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Exploration and Engineering
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Although the Jet Propulsion Laboratory in Pasadena, California, has become synonymous with the United States’ planetary exploration during the past half century, its most recent focus has been on Mars. Beginning in the 1990s and continuing through the Mars Phoenix mission of 2007, JPL led the way in engineering an impressive, rapidly evolving succession of Mars orbiters and landers, including roving robotic vehicles whose successful deployment onto the Martian surface posed some of the most complicated technical problems in space flight history. In Exploration and Engineering, Erik M. Conway reveals how JPL engineers’ creative technological feats led to major Mars exploration breakthroughs. He takes readers into the heart of the lab’s problem-solving approach and management structure, where talented scientists grappled with technical challenges while also coping, not always successfully, with funding shortfalls, unrealistic schedules, and managerial turmoil. Conway, JPL’s historian, offers an insider’s perspective into the changing goals of Mars exploration, the ways in which sophisticated computer simulations drove the design process, and the remarkable evolution of landing technologies over a thirty-year period.

Table of Contents

  1. Cover
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  1. Title page, Copyright
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  1. Contents
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  1. Acknowledgments
  2. pp. vii-x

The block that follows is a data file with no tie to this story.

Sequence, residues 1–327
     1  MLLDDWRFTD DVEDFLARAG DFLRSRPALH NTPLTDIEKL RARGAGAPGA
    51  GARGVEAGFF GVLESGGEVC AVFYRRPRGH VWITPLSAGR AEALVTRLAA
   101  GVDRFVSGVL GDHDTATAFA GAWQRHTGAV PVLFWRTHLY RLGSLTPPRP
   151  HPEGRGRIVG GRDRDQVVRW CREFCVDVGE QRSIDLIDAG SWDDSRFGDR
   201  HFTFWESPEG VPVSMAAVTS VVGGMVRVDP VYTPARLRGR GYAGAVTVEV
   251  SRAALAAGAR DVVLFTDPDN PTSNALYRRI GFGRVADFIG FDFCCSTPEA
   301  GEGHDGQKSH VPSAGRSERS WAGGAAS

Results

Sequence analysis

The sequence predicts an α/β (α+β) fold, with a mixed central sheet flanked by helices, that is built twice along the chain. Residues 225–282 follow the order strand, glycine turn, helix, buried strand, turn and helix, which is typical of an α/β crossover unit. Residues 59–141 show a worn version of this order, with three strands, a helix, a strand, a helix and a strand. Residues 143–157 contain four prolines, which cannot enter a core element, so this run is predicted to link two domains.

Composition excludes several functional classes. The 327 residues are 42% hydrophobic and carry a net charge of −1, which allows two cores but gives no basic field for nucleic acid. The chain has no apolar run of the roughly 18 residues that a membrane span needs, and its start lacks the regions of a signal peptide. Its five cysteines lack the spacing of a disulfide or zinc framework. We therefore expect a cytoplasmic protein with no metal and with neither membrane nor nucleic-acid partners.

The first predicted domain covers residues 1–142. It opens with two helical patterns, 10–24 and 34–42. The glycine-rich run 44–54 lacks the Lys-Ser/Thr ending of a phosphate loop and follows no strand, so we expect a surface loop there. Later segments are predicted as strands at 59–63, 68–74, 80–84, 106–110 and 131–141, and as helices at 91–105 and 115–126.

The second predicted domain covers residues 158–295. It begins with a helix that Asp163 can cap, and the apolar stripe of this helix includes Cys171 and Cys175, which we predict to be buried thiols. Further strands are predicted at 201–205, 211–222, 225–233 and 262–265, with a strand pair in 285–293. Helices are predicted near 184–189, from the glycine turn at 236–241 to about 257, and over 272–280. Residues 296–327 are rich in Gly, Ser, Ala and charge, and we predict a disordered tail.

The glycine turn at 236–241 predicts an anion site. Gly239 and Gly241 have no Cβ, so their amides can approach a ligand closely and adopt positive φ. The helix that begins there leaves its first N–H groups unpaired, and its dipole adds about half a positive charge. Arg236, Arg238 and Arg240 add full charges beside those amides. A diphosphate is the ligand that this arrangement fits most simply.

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  1. Introduction
  2. pp. 12-19
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  1. 1. Planetary Observers, Mars Observer
  2. pp. 20-43
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  1. 2. Politics and Engineering on the Martian Frontier
  2. pp. 44-72
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  1. 3. Attack of the Great Galactic Ghoul
  2. pp. 73-97
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  1. 4. Engineering for Uncertainty
  2. pp. 98-125
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  1. 5. Mars Mania
  2. pp. 126-150
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  1. 6. The Faster-Better-Cheaper Future
  2. pp. 151-179
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  1. 7. Revenge of the Great Galactic Ghoul
  2. pp. 180-205
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  1. 8. Recovery and Reform
  2. pp. 206-231
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  1. 9. Margins on the Final Frontier
  2. pp. 232-262
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  1. 10. Sending a Spy Satellite to Mars
  2. pp. 263-283
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  1. 11. Robotic Geologists on the Red Planet
  2. pp. 284-311
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  1. 12. Reengineering a Spacecraft, and a Program
  2. pp. 312-339
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  1. Conclusion
  2. pp. 340-351
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  1. Epilogue
  2. pp. 352-355
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  1. Appendix: NASA Organization and Mars Exploration
  2. pp. 356-361
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  1. Notes
  2. pp. 362-397
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  1. Bibliography
  2. pp. 398-403
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  1. Index
  2. pp. 404-417
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